Summary: Researchers found no association between in vitro exposure to SSRI antidepressants and an increased risk of a child developing depression.
In one of the first studies to look at the association between selective serotonin reuptake inhibitors (SSRI) medications and brain development in young children, research from the Behavioral Research and Imaging Neurogenetics (BRAIN)Lab at Washington University in St. Louis found no association between children’s exposure to the drugs in the womb and later childhood depression.
The study is in press in the journal Biological Psychiatry Global Open Science.
For the investigation, author Allison Moreau, a Ph.D. student in the BRAIN Lab run by Ryan Bogdan, associate professor of psychological & brain sciences in Arts & Sciences, analyzed a sample of more than 10,000 children from the largest long-term study of brain development in the United States, the Adolescent Brain Cognitive Development (ABCD) Study.
Initially, they observed among children prenatally exposed to SSRIs a small increase in depression that was independent of family history of depression and child polygenic risk for depression. However, they found that this association was no longer significant once they subtracted from their analysis the known effect of maternal depression on a child.
“We found prenatal SSRI exposure is not associated with increased depression, after accounting for the mother’s current depression,” Moreau said.
SSRIs are a class of medications often prescribed to treat depression, but they are also used as treatment for other illnesses, such as obsessive-compulsive disorder and anxiety.
In addition to behavioral outcomes, the researchers also looked at the children’s brain structures to determine whether there might be any associations between prenatal SSRI exposure and any changes in the children’s developing brains. There, the data did reveal a difference between children who were and were not exposed in the womb to SSRIs, but it was not related to children’s depression.
Children who were exposed had a slightly thicker left lateral occipital cortex and a slightly larger surface area of the left superior parietal cortex than children who weren’t.
“Notably, the observed brain differences were small, and they were also unrelated to depression,” Moreau said. “It’s unclear if these small differences have any meaningful consequence.”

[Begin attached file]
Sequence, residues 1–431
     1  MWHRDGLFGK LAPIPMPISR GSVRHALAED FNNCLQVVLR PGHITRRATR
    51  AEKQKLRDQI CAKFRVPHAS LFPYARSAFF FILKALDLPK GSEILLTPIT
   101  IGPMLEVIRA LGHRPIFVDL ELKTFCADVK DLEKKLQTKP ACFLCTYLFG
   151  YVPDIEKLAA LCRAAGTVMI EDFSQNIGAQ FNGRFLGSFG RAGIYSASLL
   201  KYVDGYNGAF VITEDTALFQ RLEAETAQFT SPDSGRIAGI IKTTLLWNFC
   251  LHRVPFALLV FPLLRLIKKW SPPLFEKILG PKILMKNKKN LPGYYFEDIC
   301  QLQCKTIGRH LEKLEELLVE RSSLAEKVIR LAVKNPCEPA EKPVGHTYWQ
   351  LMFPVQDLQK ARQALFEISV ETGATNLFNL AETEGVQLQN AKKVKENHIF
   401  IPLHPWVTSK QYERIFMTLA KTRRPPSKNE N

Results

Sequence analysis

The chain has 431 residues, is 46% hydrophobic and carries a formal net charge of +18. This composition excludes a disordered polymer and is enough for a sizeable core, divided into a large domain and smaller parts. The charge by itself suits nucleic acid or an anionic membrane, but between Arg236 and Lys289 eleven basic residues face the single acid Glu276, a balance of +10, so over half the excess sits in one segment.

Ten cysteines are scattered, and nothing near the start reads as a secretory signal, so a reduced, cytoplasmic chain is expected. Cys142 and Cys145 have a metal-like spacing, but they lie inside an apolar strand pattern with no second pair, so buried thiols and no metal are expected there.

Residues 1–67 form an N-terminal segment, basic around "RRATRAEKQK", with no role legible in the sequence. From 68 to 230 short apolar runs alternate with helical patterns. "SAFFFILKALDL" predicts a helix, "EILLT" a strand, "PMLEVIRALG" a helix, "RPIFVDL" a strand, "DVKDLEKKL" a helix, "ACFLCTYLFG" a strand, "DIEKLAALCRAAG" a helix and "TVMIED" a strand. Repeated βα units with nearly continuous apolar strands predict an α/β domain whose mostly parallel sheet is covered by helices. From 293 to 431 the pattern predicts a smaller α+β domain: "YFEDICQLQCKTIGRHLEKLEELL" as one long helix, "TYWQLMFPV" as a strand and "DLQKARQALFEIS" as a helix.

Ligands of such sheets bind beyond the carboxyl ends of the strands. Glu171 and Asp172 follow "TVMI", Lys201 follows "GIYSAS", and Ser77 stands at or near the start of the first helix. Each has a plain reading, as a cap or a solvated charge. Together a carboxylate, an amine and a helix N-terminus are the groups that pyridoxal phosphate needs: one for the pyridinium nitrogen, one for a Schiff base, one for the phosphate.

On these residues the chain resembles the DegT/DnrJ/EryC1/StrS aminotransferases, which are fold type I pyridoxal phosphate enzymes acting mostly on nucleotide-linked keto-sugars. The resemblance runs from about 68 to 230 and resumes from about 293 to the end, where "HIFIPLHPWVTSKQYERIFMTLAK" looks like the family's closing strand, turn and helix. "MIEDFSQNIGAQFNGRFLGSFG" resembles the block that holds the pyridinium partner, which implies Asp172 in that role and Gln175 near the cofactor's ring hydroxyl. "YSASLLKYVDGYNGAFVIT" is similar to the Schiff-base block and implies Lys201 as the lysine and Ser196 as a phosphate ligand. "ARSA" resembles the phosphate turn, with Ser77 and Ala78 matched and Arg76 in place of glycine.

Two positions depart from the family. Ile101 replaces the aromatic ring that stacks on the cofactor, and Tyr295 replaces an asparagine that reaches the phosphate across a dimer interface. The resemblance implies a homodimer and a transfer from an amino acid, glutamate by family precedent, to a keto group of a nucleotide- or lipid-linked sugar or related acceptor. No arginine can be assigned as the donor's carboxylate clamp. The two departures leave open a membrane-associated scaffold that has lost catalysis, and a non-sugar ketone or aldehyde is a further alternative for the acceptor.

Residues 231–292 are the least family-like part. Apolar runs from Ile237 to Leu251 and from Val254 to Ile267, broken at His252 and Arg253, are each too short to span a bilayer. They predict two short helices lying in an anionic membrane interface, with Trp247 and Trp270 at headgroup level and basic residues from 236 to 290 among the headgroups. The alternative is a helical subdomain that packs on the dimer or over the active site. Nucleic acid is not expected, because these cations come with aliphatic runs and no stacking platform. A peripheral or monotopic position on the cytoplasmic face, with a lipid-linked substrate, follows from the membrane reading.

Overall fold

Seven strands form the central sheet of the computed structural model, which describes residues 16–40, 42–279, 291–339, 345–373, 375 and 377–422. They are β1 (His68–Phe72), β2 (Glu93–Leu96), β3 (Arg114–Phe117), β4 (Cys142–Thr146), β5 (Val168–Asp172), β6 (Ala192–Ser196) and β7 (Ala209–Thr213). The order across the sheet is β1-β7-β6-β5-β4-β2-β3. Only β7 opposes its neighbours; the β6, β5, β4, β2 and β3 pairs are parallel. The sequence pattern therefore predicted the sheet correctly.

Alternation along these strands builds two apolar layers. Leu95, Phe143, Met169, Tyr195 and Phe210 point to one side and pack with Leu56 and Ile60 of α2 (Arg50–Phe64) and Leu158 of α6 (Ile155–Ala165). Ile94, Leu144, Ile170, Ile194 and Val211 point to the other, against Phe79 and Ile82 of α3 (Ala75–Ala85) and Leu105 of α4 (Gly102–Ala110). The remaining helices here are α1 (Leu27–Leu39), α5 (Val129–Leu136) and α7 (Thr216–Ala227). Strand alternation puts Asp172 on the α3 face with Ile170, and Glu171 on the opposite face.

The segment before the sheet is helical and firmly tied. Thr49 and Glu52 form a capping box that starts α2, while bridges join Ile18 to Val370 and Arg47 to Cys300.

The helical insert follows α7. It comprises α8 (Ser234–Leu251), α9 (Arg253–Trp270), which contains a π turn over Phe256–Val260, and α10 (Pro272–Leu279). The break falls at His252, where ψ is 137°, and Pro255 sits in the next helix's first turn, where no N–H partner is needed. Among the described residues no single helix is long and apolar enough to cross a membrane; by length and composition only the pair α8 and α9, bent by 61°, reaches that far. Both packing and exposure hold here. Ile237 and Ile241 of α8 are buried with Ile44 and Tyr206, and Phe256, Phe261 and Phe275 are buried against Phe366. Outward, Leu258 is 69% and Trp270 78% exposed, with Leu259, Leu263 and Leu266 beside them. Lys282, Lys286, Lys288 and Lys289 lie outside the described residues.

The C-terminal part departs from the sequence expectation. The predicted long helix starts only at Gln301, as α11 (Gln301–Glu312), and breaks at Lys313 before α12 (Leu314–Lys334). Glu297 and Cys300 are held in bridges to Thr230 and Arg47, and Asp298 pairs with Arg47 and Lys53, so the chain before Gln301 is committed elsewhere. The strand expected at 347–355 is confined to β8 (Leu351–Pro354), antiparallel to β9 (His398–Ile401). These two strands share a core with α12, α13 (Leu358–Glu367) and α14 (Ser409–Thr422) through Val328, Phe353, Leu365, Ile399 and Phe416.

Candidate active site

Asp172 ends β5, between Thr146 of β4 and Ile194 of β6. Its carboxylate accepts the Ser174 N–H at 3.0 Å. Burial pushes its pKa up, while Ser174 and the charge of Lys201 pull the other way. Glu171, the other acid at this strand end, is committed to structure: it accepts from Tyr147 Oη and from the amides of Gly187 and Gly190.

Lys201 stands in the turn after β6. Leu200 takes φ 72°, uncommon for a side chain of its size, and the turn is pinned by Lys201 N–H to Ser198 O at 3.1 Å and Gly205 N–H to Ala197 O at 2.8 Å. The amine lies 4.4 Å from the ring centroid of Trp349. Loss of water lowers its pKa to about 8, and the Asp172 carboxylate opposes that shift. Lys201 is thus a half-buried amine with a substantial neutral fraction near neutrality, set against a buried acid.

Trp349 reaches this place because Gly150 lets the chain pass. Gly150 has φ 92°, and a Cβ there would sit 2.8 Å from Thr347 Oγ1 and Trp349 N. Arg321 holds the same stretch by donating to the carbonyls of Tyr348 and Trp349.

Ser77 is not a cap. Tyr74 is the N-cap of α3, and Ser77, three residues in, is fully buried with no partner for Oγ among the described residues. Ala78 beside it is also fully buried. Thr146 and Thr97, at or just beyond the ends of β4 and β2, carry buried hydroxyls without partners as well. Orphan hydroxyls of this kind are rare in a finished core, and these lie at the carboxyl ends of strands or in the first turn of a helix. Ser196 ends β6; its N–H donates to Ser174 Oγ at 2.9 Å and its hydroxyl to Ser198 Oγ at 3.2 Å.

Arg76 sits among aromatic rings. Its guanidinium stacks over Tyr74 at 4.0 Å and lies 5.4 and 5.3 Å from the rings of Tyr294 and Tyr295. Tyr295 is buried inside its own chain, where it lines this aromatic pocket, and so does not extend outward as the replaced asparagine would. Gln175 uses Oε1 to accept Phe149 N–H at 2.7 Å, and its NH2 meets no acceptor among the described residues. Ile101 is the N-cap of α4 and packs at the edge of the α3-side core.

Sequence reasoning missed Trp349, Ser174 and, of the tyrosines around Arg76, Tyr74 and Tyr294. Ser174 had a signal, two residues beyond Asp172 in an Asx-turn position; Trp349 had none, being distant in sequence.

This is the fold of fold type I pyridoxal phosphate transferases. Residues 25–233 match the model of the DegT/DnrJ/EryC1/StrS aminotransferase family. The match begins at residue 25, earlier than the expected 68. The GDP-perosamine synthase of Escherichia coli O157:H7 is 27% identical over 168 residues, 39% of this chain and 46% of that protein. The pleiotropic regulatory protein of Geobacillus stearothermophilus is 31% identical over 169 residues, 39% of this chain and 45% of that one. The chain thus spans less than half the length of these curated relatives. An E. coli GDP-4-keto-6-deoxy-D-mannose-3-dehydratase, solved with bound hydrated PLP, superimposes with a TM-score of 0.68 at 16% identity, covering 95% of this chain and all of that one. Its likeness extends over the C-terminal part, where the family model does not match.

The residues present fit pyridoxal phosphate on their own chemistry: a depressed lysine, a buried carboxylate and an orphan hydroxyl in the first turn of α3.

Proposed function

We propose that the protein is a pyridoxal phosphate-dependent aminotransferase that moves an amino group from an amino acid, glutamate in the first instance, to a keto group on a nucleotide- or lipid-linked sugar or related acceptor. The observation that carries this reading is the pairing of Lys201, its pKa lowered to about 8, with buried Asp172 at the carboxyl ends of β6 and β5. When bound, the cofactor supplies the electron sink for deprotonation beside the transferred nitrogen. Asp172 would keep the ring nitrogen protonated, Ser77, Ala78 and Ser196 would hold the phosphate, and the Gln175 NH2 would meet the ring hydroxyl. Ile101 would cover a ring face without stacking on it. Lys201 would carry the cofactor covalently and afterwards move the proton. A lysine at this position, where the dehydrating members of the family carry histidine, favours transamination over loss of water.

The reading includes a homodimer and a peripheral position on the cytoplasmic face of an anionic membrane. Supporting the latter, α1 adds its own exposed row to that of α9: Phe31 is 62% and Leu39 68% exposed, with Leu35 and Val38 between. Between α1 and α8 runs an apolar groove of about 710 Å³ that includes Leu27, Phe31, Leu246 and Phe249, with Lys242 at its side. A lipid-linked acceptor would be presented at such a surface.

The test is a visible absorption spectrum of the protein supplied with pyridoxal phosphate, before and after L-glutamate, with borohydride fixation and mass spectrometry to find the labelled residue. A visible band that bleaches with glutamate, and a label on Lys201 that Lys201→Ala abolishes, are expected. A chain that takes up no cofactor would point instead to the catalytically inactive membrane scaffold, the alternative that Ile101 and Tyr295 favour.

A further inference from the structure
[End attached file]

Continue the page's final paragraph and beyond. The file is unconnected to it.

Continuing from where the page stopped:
In the meantime, Moreau says the findings can be used to facilitate a conversation when it comes to clinical care and pregnancy. About 5.5 percent of pregnant people take SSRIs; 11 percent do so during their reproductive years.
“Overall, these data suggest that SSRI use during pregnancy is not independently associated with elevated depression during middle childhood (~10 years of age),” Moreau said.
“The data suggest that maternal depression, not the use of SSRIs, is more related to childhood depression. That’s an important factor to keep in mind in discussions of pregnancy and mental health.”
However, this study does not resolve this question. The researchers will have the opportunity to look at these children as they grow older as the ABCD study will follow them into young adulthood. The ability to be able to return to these children and capture more data is particularly important as the average age of depression onset is 19.
Indeed, Bogdan said, “Many may feel between a rock and hard place when facing medical decisions, especially during pregnancy—these data suggest that risk for depression during middle childhood associated with prenatal SSRI exposure should not discourage SSRI use.”
However, he said, “Science is always evolving and more data are needed—our study evaluated depression in children from about 9 to 10 years old. It is really important to address this question in this dataset as children continue to develop and enter peak periods of vulnerability. It is possible that we observed no independent risk because the peak window of depression vulnerability has not yet occurred.”
Prenatal Selective Serotonin Reuptake Inhibitor Exposure, Depression, and Brain Morphology in Middle Childhood: Results From the ABCD Study
Prenatal selective serotonin reuptake inhibitor (SSRI) exposure has been inconsistently linked to depression, and little is known about neural correlates. We examined whether prenatal SSRI exposure is associated with depressive symptoms and brain structure during middle childhood.
Prenatal SSRI exposure (retrospective caregiver report), depressive symptoms (caregiver-reported Child Behavior Checklist), and brain structure (magnetic resonance imaging–derived subcortical volume; cortical thickness and surface area) were assessed in children (analytic ns = 5420–7528; 235 with prenatal SSRI exposure; 9–10 years of age) who completed the baseline Adolescent Brain Cognitive Development Study session. Linear mixed-effects models nested data. Covariates included familial, pregnancy, and child variables. Matrix spectral decomposition adjusted for multiple testing.
Prenatal SSRI exposure was not independently associated with depression after accounting for recent maternal depressive symptoms. Prenatal SSRI exposure was associated with greater left superior parietal surface area (b = 145.3 mm2, p = .00038) and lateral occipital cortical thickness (b = 0.0272 mm, p = .0000079); neither was associated with child depressive symptoms. Child depression was associated with smaller global brain structure.
Our findings, combined with adverse outcomes of exposure to maternal depression and the utility of SSRIs for treating depression, suggest that risk for depression during middle childhood should not discourage SSRI use during pregnancy. Associations between prenatal SSRI exposure and brain structure were small in magnitude and not associated with depression. It will be important for future work to examine associations between prenatal SSRI exposure and depression through young adulthood, when risk for depression increases.